by Nate Nido
Herbal medicine and traditional medicine are still very relevant in Ghana today. Although they are not effective, or lack the effectiveness of modern medicine, Ghanaians still seek out herbal and traditional medical practices. Why they actively seek out these alternative forms of medicine is a topic that Dr. Dr. Otchere Addai-Mensah and our class have been studying the past few weeks. For example, we learned that the answer varies on the person. One Ghanaian might go to a herbalist due to a lack of money. They are unable to afford modern medicine, but they still want some type of “professional” treatment. Another person might go to a herbalist or a practitioner of other traditional medicine because of their religious beliefs. Luckily, the class was able to visit a herbal clinic, and it helped us develop a better idea of traditional medicine as a whole. Here is my experience.
My first glance into the herbal clinic invoked feelings of disbelief. The facilities were cramped, cluttered, and messy. The laboratory looked like a small, dirty kitchen with modern tools, such as a microscope. The dispensary (where powders and concoctions are packaged and distributed) was dirty, and the containers in which the ingredients were held were also dirty. The medicine itself was packaged in plastic bags and what seemed like reused bottles. They explained that their packaging was to show the authenticity of the medicine. Their therapy room had worn down gym equipment. Overall, the facility did not seem like a safe place for the ill to be seen or treated. If anything, the herbal clinic seemed like a place where you would catch infections and sicknesses.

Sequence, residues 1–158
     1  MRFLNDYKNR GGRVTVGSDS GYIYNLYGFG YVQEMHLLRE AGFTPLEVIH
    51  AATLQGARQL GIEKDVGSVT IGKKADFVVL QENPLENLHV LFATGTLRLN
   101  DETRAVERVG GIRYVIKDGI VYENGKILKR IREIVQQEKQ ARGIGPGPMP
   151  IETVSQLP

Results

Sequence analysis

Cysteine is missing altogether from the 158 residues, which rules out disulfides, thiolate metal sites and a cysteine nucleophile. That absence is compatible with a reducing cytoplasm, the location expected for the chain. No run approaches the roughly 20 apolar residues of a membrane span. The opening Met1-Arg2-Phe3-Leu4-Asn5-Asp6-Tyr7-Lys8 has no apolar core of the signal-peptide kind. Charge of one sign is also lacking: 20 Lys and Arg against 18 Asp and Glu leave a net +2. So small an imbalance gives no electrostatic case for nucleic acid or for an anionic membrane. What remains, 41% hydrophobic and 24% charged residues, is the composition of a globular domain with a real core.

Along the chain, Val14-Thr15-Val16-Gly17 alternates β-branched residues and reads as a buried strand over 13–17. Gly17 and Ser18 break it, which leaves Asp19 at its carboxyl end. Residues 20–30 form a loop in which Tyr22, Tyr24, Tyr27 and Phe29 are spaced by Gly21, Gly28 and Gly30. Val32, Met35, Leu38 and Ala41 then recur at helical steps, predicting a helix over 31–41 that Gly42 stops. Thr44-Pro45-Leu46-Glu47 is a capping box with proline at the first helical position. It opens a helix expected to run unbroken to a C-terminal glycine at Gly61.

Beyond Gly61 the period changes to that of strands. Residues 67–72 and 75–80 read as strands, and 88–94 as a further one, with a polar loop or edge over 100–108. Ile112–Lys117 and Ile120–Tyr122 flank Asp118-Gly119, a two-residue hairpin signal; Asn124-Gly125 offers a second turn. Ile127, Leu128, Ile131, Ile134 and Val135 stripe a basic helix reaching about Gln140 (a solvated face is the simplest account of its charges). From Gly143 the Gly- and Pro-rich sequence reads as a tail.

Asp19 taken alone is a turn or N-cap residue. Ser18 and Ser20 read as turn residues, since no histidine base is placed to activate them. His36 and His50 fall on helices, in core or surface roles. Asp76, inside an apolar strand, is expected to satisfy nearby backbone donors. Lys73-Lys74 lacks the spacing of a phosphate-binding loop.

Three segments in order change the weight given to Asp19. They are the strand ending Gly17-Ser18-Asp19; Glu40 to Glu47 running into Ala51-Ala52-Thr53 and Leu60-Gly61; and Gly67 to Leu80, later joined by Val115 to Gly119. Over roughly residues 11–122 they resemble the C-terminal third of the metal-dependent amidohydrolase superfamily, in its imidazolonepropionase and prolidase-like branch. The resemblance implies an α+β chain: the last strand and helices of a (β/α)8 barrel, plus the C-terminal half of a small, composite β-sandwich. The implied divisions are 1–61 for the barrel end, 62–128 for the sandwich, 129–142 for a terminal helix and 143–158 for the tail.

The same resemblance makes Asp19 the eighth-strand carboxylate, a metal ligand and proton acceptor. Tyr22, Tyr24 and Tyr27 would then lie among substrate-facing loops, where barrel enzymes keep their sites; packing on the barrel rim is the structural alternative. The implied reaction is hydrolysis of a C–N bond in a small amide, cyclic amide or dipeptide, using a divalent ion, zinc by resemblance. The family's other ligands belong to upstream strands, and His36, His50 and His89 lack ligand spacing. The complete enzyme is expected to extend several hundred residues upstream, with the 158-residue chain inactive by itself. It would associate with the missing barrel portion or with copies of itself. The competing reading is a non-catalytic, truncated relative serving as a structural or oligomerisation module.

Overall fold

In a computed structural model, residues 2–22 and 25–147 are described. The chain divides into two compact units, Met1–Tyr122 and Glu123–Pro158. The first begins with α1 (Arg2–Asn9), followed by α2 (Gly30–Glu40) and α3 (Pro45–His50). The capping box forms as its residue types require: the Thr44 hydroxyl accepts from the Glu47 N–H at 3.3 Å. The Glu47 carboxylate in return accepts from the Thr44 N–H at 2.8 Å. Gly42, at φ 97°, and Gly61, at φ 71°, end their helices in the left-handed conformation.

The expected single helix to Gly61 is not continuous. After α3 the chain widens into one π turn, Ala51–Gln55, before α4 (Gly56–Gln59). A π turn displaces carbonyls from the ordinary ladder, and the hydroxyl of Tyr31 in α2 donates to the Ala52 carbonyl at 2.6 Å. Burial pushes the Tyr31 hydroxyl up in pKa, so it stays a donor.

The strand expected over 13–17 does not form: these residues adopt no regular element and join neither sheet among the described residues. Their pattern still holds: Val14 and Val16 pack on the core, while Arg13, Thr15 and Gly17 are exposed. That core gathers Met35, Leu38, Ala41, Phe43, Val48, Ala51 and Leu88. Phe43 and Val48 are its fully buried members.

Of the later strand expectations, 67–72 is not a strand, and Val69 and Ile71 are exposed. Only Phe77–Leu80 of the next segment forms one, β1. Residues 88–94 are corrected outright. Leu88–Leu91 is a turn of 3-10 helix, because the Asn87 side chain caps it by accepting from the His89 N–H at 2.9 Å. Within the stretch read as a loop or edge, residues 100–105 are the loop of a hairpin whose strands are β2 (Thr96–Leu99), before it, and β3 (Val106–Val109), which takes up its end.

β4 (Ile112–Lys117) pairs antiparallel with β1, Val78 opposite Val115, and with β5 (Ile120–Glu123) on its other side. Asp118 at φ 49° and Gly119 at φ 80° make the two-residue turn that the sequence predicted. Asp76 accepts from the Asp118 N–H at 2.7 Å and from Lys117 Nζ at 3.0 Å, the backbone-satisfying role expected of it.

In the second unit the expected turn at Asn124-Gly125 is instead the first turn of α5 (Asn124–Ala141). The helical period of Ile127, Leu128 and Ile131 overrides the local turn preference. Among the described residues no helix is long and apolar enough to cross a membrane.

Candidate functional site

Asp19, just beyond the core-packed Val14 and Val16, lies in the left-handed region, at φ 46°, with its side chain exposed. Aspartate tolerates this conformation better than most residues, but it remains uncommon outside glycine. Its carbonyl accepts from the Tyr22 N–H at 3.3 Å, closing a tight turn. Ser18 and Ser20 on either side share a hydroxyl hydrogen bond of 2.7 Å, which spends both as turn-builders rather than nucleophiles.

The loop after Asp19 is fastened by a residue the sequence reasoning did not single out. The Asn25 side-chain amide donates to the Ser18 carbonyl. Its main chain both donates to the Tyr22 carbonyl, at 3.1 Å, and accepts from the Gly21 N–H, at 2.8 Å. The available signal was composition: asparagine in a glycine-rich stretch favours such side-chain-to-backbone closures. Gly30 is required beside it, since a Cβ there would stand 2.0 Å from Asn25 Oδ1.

The doctors, nurses, and lab technician all seemed like kind people, but they lacked the necessary training actual, licensed doctors have. They had a general knowledge of medicine, but that is not enough to accurately diagnose and treat patients. In a field where your performance determines whether someone lives or dies, it is scary that herbalists and practitioners of traditional medicine are trusted.
Though change is needed, it will take time for Ghanaians to fully realize the importance of modern medicine. Hopefully, the rising literacy rates, improvement in the accessibility and quality of education, and better affordability of healthcare will help them better understand the necessity of modern medicine.
For more information on herbal medicine and its importance in Ghana, click here.